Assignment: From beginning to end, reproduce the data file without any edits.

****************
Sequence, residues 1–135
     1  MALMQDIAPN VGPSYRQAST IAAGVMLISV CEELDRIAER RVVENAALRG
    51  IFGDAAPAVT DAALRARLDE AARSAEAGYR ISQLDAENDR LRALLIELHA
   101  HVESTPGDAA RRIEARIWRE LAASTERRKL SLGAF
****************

Sequence, residues 1–135
     1  MALMQDIAPN VGPSYRQAST IAAGVMLISV CEELDRIAER RVVENAALRG
    51  IFGDAAPAVT DAALRARLDE AARSAEAGYR ISQLDAENDR LRALLIELHA
   101  HVESTPGDAA RRIEARIWRE LAASTERRKL SLGAF